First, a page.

Robbie Cooper is cited on page 18 of the course notes as an example of documentary work that blurs lines between genre and media.
Alter Ego is a photographic project and book in which Cooper presents portraits of video gamers alongside their on screen avatars. The project came about when Cooper was photographing a divorced company CEO who kept in touch with his children via the online game Everquest. The initial contact with this online world led Cooper to explore how users choose to present themselves in the virtual world which is a fascinating insight. In his #Phonar lecture, Cooper describes how when presenting the work he often chooses this image because of the way it subscribes to a stereotypical view many people have of video gamers; overweight, male, unfashionable, geeky – the juxtaposition between real life and the avatar he has chosen starkly emphasises the disparity between reality and (presumed) ideal. He then follows with this image which totally throws the preconceived prejudices of the viewer on its head and demonstrates the potential positive applications of a digital life which allows the subject here access to experiences that would not be unavailable in the real world (although the melancholic extension of the is thought is that this life can only ever be a simulation.) Here the choice of avatar represents an inner strength that is not obviously apparent when looking at the subject in real life. This also made me question the assumptions that I had made about the first image and consider the superficiality of making judgements based solely upon surface.
When you begin to look at a few of these pairings of portraits and avatars similarities start to appear:
Ultimately I find the lack of commentary by Cooper for this series the most engaging aspect – it is for the viewer to provide meaning and context to the images shown. For me, this meant assessing my own prejudices and to thinking about the danger of making assumptions on face value. I was also struck by the complexity of our individual lives and how difficult this is to be able to read.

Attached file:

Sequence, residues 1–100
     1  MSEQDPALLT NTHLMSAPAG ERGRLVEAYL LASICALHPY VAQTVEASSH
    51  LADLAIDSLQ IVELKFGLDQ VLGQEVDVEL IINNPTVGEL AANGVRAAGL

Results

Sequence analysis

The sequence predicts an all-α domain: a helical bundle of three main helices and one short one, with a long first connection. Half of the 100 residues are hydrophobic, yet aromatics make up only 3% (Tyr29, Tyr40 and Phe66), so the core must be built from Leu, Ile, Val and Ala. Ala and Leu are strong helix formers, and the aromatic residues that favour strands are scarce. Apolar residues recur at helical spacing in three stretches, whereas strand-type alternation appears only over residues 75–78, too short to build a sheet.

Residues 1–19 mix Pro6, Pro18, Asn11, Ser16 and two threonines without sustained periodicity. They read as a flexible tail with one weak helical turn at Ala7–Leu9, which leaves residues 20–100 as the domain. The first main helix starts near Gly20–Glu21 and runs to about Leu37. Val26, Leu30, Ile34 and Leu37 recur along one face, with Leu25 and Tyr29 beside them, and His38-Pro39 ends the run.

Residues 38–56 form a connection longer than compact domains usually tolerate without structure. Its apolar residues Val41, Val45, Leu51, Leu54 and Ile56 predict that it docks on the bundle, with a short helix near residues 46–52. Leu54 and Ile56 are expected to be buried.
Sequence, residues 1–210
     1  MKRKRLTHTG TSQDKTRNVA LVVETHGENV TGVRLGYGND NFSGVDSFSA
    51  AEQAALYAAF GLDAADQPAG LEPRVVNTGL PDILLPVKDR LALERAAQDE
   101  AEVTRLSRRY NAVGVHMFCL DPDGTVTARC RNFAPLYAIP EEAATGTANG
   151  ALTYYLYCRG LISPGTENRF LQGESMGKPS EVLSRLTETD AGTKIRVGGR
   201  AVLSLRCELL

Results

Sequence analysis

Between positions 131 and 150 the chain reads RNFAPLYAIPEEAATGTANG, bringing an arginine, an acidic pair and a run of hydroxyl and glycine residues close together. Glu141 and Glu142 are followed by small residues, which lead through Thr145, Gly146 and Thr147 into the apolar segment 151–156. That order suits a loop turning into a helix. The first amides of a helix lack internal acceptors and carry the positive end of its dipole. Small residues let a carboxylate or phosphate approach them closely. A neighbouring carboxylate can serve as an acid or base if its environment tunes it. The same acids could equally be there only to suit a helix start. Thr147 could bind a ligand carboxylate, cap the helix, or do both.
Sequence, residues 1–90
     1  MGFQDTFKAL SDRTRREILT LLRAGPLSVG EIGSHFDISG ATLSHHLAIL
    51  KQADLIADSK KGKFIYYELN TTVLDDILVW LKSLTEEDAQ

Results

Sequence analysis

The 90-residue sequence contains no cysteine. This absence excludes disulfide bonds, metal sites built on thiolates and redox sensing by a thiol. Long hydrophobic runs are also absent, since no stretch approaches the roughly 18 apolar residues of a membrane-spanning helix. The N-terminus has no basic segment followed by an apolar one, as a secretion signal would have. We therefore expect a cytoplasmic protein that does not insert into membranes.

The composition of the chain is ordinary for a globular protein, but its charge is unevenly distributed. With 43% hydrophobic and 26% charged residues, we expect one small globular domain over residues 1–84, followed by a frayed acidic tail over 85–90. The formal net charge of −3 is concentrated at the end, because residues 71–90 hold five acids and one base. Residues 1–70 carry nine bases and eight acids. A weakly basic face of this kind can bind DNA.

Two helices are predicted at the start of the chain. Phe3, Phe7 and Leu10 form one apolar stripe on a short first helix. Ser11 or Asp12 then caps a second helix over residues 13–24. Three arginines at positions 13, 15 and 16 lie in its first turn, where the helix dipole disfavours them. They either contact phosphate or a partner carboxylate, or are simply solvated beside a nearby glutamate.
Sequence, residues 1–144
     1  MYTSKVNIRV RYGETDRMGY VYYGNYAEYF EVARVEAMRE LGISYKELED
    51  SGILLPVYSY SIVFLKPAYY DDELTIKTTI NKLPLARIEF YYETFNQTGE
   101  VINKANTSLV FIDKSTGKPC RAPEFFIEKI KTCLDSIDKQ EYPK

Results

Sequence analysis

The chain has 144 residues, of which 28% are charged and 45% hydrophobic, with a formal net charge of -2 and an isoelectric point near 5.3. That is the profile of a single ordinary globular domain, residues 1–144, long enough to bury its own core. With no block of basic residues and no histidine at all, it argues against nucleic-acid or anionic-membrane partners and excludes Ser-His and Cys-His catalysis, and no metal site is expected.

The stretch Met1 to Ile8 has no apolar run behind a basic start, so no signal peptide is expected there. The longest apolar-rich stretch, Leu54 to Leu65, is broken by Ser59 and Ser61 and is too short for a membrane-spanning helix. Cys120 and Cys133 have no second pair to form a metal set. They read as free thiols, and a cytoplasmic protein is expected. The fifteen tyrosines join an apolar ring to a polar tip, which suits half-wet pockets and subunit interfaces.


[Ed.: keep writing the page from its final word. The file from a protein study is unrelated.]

Immersion is a project that continued Cooper’s interest in video gamers before branching out into other forms of media. Cooper uses a technique adapted from approach used by documentary filmmaker Errol Morris turning a digital film camera into both screen and lens, media are then shown on the device (for example video games) which has the effect of the subject looking straight into the camera lens and therefore the appearance of returning the gaze of the viewer. The technique also has the effect of the subjects being unconcerned by the presence of the camera with the end result being a natural record of their behaviour – Cooper describes the work as being between sociology and art. Cooper makes films from the footage and also takes individual frames and presents them as large prints. The detail of the work is extremely high due to the resolution of the digital camera used – taking stills from film in this way could potentially represent the future of photography, especially for a genre such as photojournalism where an event can be filmed and then key scenes taken from this footage after the event. Truly the end for the notion of the decisive moment.
What has happened to Robbie Cooper?
There is a great deal of information and articles on the internet for Robbie Cooper dated around 2010 (also the time of his exhibition at the National Media Museum.) In this he talks about developing his immersion project into exploring many different forms of media, building an interactive website and looking to fund the project through Kickstarter – there is no more information after this however. Also, his website http://www.robbiecooper.org no longer works. This is a shame as I find his work engaging and following through on Immersion in the way he has discussed would have made a fascinating survey of our relationship to modern media.
Leith, S. (2008) The Immersion Project. The Telegraph, 22nd November 2008, available online at http://www.telegraph.co.uk/culture/art/3563534/The-Immersion-project.html [accessed 2nd April 2017]
Usborne, S. (2010) Digital disguises: who do they think they are? The Independent, 10th March 2010. available at: http://www.independent.co.uk/life-style/gadgets-and-tech/features/digital-disguises-who-do-they-think-they-are-1918797.html [accessed 9th April 2017]